According to Carrier Corp., “The world started to become aware of air conditioned theaters when Carrier brought a centrifugal chiller to the Rivoli Theater in New York’s Times Square in 1925.”
The Rivoli was located on Broadway. Carrier founder Willis Carrier knew that success in New York City could lead to almost instant recognition and reward.
Unfortunately, the opposite was also true.
Timing is EverythingThe system debuted on Memorial Day, 1925. Due to some last-minute adjustments, however, the cooling machine was late in starting, and the theater was hot when the crowd filed in. Among these patrons was Adolph Zukor, the head of Paramount Pictures.
Engineers were worried as they watched patrons’ cardboard fans flutter. Zukor was watching the people and the waving fans instead of the picture.
But the temperature gradually dropped, and the patrons put their fans away. In the lobby at the end of the film, Zukor pronounced that “Yes, the people are going to like it.”
By 1930, more than 300 theaters hung banners from their marquees advertising, “Cooled by Refrigeration.”
This event ushered in an era of air conditioned summer entertainment and started a trend in the movie theater business, attracting people to come inside and get cool.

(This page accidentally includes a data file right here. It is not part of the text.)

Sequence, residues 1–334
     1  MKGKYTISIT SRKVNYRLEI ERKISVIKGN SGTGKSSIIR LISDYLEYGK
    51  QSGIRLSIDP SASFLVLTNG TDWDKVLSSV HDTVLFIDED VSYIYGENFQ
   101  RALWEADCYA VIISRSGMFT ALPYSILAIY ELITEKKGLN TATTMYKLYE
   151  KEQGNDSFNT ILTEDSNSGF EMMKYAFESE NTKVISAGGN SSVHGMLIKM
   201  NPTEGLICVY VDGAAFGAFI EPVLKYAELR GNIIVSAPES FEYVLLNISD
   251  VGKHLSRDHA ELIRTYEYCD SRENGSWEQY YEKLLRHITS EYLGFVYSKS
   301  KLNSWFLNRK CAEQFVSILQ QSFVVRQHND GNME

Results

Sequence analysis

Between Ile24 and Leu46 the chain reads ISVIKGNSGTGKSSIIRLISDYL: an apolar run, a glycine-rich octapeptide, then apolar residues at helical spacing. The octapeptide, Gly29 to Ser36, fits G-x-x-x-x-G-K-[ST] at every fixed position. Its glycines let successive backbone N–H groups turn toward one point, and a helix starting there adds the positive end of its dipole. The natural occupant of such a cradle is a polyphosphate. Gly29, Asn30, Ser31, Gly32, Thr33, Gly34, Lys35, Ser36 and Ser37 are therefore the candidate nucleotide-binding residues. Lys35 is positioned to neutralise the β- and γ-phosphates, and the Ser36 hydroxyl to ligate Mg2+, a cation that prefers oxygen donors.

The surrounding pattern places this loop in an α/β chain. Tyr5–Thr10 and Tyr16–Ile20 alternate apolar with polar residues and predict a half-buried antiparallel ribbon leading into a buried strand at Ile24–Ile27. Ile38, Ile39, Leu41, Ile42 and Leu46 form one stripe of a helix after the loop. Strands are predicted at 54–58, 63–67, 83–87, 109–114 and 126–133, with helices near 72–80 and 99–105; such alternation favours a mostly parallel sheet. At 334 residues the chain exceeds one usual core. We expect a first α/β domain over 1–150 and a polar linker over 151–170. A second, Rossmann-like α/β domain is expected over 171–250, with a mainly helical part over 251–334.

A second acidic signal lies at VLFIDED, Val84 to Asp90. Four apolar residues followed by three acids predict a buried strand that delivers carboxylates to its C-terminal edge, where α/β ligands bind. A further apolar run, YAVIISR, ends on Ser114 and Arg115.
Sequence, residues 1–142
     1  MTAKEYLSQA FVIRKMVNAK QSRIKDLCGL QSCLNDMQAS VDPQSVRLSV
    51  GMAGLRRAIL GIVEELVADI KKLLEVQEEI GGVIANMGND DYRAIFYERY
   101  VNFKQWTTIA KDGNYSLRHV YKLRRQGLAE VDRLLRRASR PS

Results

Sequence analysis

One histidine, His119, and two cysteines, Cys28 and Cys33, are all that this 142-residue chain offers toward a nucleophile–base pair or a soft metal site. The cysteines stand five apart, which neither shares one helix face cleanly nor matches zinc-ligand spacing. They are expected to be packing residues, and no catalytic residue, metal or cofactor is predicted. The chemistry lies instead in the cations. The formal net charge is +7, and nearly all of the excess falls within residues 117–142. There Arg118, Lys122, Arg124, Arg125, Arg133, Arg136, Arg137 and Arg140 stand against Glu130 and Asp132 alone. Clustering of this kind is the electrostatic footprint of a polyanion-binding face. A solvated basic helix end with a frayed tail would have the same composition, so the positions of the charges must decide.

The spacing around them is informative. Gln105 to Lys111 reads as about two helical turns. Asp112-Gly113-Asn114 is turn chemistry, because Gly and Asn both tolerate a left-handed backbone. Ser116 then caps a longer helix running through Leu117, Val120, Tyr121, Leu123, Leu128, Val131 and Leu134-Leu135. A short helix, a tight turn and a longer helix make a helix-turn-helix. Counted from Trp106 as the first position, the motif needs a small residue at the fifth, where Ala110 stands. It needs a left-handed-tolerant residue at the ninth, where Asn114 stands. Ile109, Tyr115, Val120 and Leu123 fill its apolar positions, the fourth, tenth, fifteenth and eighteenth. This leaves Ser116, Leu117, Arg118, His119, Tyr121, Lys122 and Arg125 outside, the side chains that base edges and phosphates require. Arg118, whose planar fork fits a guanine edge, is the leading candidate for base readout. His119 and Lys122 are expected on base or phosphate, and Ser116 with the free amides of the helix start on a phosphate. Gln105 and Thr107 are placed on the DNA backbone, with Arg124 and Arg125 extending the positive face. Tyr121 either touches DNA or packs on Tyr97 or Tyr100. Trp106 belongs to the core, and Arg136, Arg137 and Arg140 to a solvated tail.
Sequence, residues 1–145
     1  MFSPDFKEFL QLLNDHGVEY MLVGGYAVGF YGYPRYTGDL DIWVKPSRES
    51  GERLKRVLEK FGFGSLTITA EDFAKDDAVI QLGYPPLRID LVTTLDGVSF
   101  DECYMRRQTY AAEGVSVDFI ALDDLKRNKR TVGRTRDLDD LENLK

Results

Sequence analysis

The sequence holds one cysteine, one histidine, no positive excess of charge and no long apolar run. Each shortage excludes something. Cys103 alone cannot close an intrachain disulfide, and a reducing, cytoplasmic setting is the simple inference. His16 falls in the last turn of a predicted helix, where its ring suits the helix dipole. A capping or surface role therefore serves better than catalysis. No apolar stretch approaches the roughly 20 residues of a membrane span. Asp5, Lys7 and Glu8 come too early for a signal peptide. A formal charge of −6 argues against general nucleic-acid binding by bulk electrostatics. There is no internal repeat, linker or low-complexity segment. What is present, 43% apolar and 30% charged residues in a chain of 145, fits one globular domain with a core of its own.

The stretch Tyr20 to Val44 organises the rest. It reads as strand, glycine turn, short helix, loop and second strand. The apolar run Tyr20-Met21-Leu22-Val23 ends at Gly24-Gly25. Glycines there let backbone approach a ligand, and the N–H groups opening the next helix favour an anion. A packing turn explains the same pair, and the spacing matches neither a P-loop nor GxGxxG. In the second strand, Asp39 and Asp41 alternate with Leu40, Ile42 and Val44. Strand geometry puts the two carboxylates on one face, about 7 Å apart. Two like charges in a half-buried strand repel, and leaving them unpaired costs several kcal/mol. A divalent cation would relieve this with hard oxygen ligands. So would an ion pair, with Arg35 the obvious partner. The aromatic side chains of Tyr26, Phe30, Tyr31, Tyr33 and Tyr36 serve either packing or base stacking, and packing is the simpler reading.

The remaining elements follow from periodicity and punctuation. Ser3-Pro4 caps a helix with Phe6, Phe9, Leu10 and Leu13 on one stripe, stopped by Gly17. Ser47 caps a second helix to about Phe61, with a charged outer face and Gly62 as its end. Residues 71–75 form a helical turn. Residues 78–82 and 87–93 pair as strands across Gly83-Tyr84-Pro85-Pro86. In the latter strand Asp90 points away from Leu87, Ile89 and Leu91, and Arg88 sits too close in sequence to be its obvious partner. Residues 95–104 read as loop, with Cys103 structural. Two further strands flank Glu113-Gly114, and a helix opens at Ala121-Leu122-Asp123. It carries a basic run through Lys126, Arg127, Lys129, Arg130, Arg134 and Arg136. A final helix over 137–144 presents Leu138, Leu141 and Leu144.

As an early ad for the Rivoli touted, “We have invested over $100,000 in a refrigeration plant to keep you cool and comfortable when the world is sweltering.”
Make ’Em Laugh, Keep ’Em CoolAir conditioning systems also played a role in the development of “talkies” that would be shown in those theaters.
The new Hollywood sound studios could keep doors and windows closed, eliminating objectionable outside noise while keeping actors cool despite the intense heat of the powerful klieg lights and Southern California’s climate.
Now when we go to the movies in the hottest months of the year, we simply expect to be cool and comfortable. It’s safe to say that there would be no “summer blockbusters” if it weren’t for the advent of air conditioning.
To celebrate this Memorial Day anniversary, Carrier Corp. took children from several New York City youth organizations, including Big Brothers/Big Sisters, McBurney YMCA, and Global Kids, to see Dinosaur at Clearview’s Chelsea Cinema, in New York.